The Defender Services Office Training Division furthers the right to effective assistance of counsel by providing training and other resources to attorneys appointed under the Criminal Justice Act.

    October 08, 2015
    Sentencing Bills Introduced in House and Senate Offer Renewed Hope for Legislative Reform

    The House of Representatives has introduced a new bill, The Sentencing Reform Act, that largely mirrors The Sentencing Reform and Corrections Act of 2015 (S. 2123), a bipartisan bill introduced last week in the U.S. Senate by Senators Chuck Grassley (R-IA), Dick Durbin (D-IL), John Cornyn (R-TX), and Patrick Leahy (D-VT), among others.

    The Sentencing Reform and Corrections Act of 2015 would reduce several federal mandatory minimum drug and gun sentences and make those reductions retroactive; make the Fair Sentencing Act of 2010 retroactive; expand the federal “safety valve” exception for drug mandatory minimum sentences; and allow many federal prisoners to earn time credits for completing rehabilitative programs in prison.

    Read more about these bills and other sentencing legislation pending in Congress at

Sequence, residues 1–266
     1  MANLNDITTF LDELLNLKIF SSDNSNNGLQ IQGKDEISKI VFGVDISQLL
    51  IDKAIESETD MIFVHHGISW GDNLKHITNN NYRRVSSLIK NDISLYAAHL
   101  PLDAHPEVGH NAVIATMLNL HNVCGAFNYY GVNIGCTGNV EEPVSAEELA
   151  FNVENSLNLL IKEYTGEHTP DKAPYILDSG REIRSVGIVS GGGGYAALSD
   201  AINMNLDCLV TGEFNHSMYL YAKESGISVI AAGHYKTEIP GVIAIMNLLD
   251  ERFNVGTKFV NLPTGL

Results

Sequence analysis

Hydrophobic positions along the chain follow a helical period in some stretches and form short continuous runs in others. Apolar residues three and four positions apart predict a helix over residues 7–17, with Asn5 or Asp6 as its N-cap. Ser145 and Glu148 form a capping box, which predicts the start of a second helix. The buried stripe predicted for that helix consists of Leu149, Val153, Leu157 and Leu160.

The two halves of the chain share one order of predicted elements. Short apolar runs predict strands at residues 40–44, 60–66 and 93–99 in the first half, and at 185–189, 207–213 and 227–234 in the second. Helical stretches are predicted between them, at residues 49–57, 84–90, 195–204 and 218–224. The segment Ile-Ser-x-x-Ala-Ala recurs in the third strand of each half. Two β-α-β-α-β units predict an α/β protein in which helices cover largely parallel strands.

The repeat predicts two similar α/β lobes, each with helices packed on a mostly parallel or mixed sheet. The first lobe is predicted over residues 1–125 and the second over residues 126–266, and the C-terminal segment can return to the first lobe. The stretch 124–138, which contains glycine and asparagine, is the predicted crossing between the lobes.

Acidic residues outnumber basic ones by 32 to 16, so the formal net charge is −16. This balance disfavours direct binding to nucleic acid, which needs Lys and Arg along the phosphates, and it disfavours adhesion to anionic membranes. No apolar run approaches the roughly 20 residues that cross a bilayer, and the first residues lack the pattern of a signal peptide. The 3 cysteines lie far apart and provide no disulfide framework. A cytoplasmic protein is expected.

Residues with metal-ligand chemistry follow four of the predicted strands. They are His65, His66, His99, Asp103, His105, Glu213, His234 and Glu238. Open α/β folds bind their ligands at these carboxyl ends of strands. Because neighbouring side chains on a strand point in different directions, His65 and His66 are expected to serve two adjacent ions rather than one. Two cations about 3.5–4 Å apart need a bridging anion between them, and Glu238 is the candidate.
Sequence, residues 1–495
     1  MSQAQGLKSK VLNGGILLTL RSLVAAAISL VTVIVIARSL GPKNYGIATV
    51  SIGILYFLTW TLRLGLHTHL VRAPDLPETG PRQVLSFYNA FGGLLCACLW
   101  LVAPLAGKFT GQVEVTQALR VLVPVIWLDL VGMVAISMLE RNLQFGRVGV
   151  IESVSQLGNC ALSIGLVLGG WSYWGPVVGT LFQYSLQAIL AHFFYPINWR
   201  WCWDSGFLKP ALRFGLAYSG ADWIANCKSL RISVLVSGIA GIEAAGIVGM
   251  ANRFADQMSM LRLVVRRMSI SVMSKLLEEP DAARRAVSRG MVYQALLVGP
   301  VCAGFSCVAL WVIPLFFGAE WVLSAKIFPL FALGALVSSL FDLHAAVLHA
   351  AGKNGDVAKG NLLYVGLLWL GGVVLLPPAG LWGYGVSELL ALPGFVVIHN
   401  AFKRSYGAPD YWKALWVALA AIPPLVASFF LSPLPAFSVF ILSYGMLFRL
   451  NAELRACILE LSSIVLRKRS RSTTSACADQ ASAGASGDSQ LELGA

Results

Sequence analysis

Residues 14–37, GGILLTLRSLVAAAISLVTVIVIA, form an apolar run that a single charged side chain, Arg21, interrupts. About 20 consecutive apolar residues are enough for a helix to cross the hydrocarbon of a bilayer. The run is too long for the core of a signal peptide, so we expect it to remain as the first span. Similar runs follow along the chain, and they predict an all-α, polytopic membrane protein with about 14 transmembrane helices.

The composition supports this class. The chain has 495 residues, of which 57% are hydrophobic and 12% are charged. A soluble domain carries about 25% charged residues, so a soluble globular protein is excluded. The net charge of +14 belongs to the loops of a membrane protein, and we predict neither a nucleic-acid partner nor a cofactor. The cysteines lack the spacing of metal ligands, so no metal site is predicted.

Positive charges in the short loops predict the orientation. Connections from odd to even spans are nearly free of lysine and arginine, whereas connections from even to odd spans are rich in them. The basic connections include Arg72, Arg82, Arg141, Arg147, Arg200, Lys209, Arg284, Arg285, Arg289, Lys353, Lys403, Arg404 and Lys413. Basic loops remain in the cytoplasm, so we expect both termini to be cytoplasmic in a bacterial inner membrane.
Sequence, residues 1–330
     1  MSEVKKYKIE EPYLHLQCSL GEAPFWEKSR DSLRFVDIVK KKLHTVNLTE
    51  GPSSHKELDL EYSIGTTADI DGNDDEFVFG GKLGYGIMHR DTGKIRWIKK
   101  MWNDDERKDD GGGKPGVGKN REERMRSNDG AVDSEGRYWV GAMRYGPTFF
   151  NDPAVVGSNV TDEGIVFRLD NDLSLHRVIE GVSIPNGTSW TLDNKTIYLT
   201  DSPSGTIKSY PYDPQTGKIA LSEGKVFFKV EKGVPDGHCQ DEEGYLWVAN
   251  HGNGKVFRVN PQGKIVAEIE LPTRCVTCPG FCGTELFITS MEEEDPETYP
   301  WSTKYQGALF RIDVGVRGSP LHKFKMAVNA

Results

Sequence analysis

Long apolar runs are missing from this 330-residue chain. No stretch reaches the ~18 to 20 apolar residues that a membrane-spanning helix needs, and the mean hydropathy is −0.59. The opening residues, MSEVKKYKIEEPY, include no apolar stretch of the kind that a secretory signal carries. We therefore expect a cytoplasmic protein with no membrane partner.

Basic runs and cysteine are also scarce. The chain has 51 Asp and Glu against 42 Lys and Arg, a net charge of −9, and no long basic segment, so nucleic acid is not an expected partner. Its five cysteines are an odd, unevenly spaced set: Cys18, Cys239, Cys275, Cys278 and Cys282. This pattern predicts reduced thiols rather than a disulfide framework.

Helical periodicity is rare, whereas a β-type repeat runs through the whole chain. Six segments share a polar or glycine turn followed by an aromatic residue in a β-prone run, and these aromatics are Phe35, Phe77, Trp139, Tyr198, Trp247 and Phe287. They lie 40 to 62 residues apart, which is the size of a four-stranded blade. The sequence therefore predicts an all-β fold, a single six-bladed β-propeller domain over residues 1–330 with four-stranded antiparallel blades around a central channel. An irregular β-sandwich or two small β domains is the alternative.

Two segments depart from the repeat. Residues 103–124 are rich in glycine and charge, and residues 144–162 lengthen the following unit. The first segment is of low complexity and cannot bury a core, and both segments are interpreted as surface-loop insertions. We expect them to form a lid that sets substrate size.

October 02, 2015
    Supreme Court Opens New Term with 5 Cert Grants in Cases of Interest to Criminal Defense Practitioners

    (1) Taylor v. United States (No. 14-6166)
    Question Presented:
    Whether, in a federal criminal prosecution under the Hobbs Act, 18 U.S.C. §1951, the Government is relieved of proving beyond a reasonable doubt the interstate commerce element by relying exclusively on evidence that the robbery or attempted robbery of a drug dealer is an inherent economic enterprise that satisfies, as a matter of law, the interstate commerce element of the offense.

    (2) Utah v. Strieff (No. 14-1373)
    Question Presented:
    Should evidence seized incident to a lawful arrest on an outstanding warrant be suppressed because the warrant was discovered during an investigatory stop later
    found to be unlawful?

    (3) Molina-Martinez v. United States (No 14-8913)
    Question Presented:
    Where an error in the application of the United States Sentencing Guidelines results in
    the application of the wrong Guideline range to a criminal defendant, should an
    appellate court presume, for purposes of plain-error review under Federal Rule of
    Criminal Procedure 52(b), that the error affected the defendant's substantial rights?

    Full story

    September 11, 2015
    NACDL Issues Report on Federal Indigent Defense System

    Federal Indigent Defense 2015: The Independence Imperative assesses the current state of the federal indigent defense system, and offers seven recommendations to address serious and persistent deficiencies revealed in its assessment. 


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